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Frederick Tanqueray Anderson (1846–1926)

Frederick Tanqueray Anderson was an early twentieth-century Arkansas watercolorist. Categorized as a romantic American Landscape artist, Anderson is known for his steamboat and landscape paintings. Anderson’s paintings were inspired by his boyhood memories of traveling down the Mississippi River with his grandfather on steamboats to New Orleans, Louisiana. According to a Memphis Commercial Appeal article dated May 20, 1945, many regarded Anderson as the leading river scenes painter in America.

Frederick T. Anderson was born on July 1, 1846, on his grandfather’s Arkansas River plantation near New Gascony (Jefferson County). His parents were Richard Cuthbert Anderson, who was a physician, and Hortense Barraque Anderson. Anderson had one older sister, Julia. His grandfather, Antoine Barraque, was one of Arkansas’s more prominent settlers, having served as an officer under Napoleon in France.

Anderson lived in a variety of places during his youth, including Bolivar Township in Jefferson County, New Orleans, and Red Bluff (Jefferson County). In 1870, Anderson moved to Memphis, Tennessee, and began his career as a bookkeeper in the Cotton Exchange. Shortly after his arrival in Memphis, he showcased his painting talent. The Memphis Daily Appeal published an article on August 2, 1874, that described an Anderson painting displayed on the wall of the Cotton Exchange titled Rapidly Ascending the Mississippi, which depicts the steamboat Phlallin’ charging up the Mississippi River at full speed.

In 1878, Anderson married Lula Bruce, a daughter of the prominent Memphian Noble S. Bruce. They had three sons. Though Anderson continued to work in the cotton industry after his marriage, the desire to further his artistic studies took him to Europe in 1889, where he reportedly studied under impressionist painter Camille Pissarro. Returning to Memphis after approximately five years of study abroad, he contributed works to Harper’s Weekly, Leslie’s, and other illustrated magazines of that time.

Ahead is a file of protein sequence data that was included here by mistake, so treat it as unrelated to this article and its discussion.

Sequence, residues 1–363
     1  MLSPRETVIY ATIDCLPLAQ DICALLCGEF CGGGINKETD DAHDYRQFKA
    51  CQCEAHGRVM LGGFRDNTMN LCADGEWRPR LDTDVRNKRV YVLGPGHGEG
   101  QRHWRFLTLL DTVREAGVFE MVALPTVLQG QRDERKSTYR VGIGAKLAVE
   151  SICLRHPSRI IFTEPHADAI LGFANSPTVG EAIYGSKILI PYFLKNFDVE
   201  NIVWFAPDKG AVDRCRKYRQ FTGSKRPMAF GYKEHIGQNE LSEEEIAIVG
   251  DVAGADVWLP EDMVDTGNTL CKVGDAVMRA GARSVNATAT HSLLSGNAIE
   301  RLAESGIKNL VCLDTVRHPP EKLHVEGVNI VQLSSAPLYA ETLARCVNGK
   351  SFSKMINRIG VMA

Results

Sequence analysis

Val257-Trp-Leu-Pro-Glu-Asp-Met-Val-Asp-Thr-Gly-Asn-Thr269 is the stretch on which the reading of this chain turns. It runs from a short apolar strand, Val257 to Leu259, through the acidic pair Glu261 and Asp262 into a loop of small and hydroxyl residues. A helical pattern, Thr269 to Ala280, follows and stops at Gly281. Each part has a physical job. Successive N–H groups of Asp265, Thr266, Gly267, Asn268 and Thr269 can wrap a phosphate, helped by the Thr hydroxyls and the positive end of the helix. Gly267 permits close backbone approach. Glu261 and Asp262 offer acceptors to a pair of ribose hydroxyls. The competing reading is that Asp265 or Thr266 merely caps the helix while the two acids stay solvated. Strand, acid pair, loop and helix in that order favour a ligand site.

Unfortunately for Anderson, he painted during a time when Pablo Picasso and other avant-garde artists were gaining acclaim. As a consequence of pursuing an outdated landscape style reminiscent of mid-nineteenth century Hudson School painters such as Thomas Cole and Winslow Homer, Anderson failed to gain significant renown beyond Arkansas and Tennessee—with one exception. President Theodore Roosevelt had traveled to Memphis in 1907 to attend the Waterways Convention and was presented with one of Anderson’s paintings, which the president greatly admired. Upon the receipt of this first painting by Anderson, the president expressed a wish for a second painting, depicting the steamboat New Orleans. The steamboat had been captained by Nicholas Roosevelt, one of the president’s ancestors, in 1811. Shortly thereafter, Anderson painted a depiction of the New Orleans as a surprise gift for Roosevelt.

Anderson’s works have been exhibited three times: at the residence of Edward Craig in Bentonville (Benton County) in 1915; at the Brooks Memorial Art Gallery, now the Memphis Brooks Museum of Art, in 1945; and at the Southeast Arkansas Arts and Science Center in Pine Bluff (Jefferson County), now Arts & Science Center for Southeast Arkansas, in 1983.

Anderson died on November 14, 1926, at the home of his son Lewis in Larchmont, New York. He is buried next to his wife in Memphis’s Elmwood Cemetery.

Though many of Anderson’s paintings are held in private collections, Anderson enthusiasts can view one of his works, The J. N. Harbin’ (1908), at the Arts & Science Center for Southeast Arkansas.

For additional information:
Adams, Hilda. “Frederick Tanqueray Anderson—Artist.” Jefferson County Historical Quarterly 11, no. 3. (1983): 34–41.

F. T. Anderson Gallery. UALR Exhibits. http://ualrexhibits.org/steamboats/media-gallery/frederick-tanqueray-anderson/ (accessed January 2, 2016).

Kaufman, Charles. “Light Shed on Two Arkansas-born Artists.” Arkansas Gazette, May 13, 1983, p. 11B.

Talley, Robert. “[Th]rilling Events in Story of Memphis and Its Great River Will Live Again in Exhibit of Famed Local Artist’s Paintings at Brooks Memorial Gallery, Due to Begin on May 31.” Memphis Commercial Appeal, May 20, 1945, p. 1.

Kaye Lundgren
UALR Center for Arkansas History and Culture

Last Updated 3/18/2016

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